Doctors know that high blood pressure increases the risk for
memory loss and dementia late in life. But now it seems that blood pressure
doesn’t have to be that high—and people don’t have to be that old—for brain
damage to start.
Blood Pressure and
research from the University of California, Davis, should give pause to
anyone with blood pressure that’s even a tick above normal. The study,
published online in Lancet Neurology,
included 579 people, most in their thirties and forties. All were participants
in the famed Framingham Heart Study.
Using MRI technology to study participants’ brains,
researchers looked for shrinkage in gray matter, which is composed of the main
part of brain cells. They also assessed damage to white matter, which is composed
of insulated fibers through which brain cells send out messages. These two types of changes have
been linked to mental decline in old age. And even in these younger adults, elevated
blood pressure was associated with both.
When blood pressure is normal, the first number is below 120
and the second number is below 80. When blood pressure is high (hypertension),
the first number is 140 or above or the second number is 90 or above. In
between is a transitional stage called prehypertension, with a first number of
120-139 or a second number of 80-89.
Researchers found subtle signs of changes even in the brains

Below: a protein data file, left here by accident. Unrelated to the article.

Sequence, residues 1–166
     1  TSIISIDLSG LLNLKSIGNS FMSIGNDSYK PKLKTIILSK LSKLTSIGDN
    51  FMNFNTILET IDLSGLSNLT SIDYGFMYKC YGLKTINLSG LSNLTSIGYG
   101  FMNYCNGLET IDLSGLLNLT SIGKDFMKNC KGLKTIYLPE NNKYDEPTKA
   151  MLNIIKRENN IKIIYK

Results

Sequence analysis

of people with prehypertension. And the higher blood pressure rose, the more
premature aging was seen. A typical 40-year-old with full-blown hypertension
had a brain that looked like that of a 47-year-old. Although that might not
sound too bad, think how upset you’d feel if your face looked nearly a decade
older than your true age. Changes within the brain may be hidden, but they’re
far more important in the long run.
In 2011, the American Heart Association/American Stroke
Association issued a statement about
the link between cardiovascular health and brain health. The
statement noted that some lifestyle choices may help protect both:
Maintaining a healthy weight
Drinking alcohol in moderation, if at all
Getting regular physical activity
Treating high blood pressure, high cholesterol,
and abnormal blood sugar
In addition, a study published last
year in Neurobiology of Aging showed
that a diet low in salt and sodium may help ward off age-related mental
decline. The American
Heart Association recommends aiming for less than 1,500 mg of sodium per
It’s never too late—or too early—to start making healthy
lifestyle changes. Otherwise, your brain could end up old before its time.